Sheriff: 19-month-old boy may have eaten LSD on Oregon Country Fair grounds July 4

More than 18,000 fairgoers enjoyed the sunshine and festivities Saturday of the 47th annual Oregon Country Fair, a sustainable non-profit arts fair held on a wooded property in Veneta, Oregon featuring hundreds of performers, artisanal vendors and interactive installations. (Photo by Tristan Fortsch)

VENETA, Ore. - A 19-month-old boy ingested a substance suspected to be LSD while on the Oregon Country Fair grounds days before the event opened to the public, the Lane County Sheriff's Office said.

The Oregon State Police crime lab is testing the substance.

The Sheriff's Office received the call around four o'clock on the Fourth of July.

The parents found their boy with a piece of tinfoil with dots resembling LSD, Sgt. Carrie Carver said.

The parents told authorities their child started acting strangely afterwards.

RELATED | 45,000 attend Oregon Country Fair | 14 DUII arrests made near Fair

White Bird Clinic medical staff were on site at the Fair grounds, general manager Tom Gannon said.

"Our protocols I think carried us through, and the child is to my understanding now just doing just fine - back with his parents and perfectly healthy," he said. "The child received the care they needed. We got emergency services here. And went off to the hospital and now he's doing just fine."

The child was initially taken to Sacred Heart Medical Center at RiverBend in Springfield and later transported to Doernbecher Children's Hospital in Portland, according to the sheriff's office.

The fair is a drug and alcohol free event.

"We do not tolerate it here on our grounds," Gannon said.

Medical staff on site before, during Fair

The Oregon Country Fair has contracted with White Bird for about 30 years.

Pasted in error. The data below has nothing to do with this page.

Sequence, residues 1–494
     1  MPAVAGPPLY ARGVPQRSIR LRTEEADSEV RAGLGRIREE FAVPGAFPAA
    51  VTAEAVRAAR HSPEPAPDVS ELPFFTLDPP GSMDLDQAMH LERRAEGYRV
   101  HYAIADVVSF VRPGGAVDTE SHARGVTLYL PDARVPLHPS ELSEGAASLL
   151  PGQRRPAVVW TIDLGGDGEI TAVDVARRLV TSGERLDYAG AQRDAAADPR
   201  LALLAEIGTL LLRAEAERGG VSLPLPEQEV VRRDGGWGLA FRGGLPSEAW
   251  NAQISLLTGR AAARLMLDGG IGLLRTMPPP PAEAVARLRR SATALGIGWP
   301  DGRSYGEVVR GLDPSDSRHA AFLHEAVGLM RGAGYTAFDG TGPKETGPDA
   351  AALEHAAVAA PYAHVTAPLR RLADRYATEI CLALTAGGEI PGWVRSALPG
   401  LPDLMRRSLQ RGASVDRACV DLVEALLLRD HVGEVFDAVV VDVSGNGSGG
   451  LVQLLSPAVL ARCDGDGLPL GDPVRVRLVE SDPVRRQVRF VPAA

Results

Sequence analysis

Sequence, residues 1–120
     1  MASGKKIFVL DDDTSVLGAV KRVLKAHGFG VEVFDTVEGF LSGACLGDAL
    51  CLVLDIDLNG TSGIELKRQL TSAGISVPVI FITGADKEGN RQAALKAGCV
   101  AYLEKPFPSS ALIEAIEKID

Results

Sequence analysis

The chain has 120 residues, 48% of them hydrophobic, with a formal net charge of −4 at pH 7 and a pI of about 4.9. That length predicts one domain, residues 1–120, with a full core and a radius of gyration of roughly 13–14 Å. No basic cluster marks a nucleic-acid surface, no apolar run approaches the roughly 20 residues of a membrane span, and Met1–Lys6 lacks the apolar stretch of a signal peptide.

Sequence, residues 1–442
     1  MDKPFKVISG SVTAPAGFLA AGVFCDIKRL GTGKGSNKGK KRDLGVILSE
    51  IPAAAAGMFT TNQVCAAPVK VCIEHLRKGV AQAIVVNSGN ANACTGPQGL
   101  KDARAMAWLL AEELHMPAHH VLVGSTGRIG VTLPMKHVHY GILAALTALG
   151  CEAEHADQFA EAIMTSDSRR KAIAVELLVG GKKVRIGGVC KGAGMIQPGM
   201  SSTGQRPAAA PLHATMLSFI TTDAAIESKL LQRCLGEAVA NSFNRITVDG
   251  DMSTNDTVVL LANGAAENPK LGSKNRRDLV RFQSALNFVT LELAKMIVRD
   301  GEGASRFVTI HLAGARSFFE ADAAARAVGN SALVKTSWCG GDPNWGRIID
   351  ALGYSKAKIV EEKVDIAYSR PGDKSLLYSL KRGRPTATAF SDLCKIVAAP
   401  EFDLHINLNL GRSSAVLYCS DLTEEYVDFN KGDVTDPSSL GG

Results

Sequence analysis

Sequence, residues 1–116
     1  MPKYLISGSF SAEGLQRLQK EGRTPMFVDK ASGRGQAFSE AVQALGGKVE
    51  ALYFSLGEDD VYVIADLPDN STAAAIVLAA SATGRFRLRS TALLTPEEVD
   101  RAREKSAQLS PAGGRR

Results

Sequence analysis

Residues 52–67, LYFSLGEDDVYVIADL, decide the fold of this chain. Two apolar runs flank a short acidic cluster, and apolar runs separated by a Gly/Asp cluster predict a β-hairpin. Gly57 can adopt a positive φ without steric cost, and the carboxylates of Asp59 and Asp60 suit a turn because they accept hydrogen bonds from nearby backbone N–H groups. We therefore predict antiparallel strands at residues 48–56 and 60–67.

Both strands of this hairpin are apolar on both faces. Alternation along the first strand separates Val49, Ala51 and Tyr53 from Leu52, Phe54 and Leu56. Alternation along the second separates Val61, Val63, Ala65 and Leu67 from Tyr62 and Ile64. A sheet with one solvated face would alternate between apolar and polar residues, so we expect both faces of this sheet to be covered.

While the Fair is set up before even opening to the public, they have rotating medical staff of about 5 to 6 people, including emergency medical technicians, registered nurses and physicians.

White Bird provides on-site care during the Fair, too.

"Essentially for the price of a ticket you can have a doctor visit," Gannon said. "That's one of the ways that we demonstrate how much we really care for the health and safety of our patrons."

Was it LSD?

“Other than the history provided by the parents (as described by LCSO), there was nothing about the patient's clinical presentation to specifically support or refute the assertion that the medical emergency was caused by a drug ingestion," White Bird said in a press release. "A number of potential causes fit the presentation, of which drug ingestion is only one.”

Doctors say the tell-tale signs of children ingesting drugs include slurred speech, trouble walking, and abnormally dilated or constricted pupils.

“If their child is just acting very goofy or different and they just intuitively know that something's wrong, call the poison control number," Peace Health pediatrician Dr. Kevin Marks said.

Oregon Poison Control: (800) 222-1222

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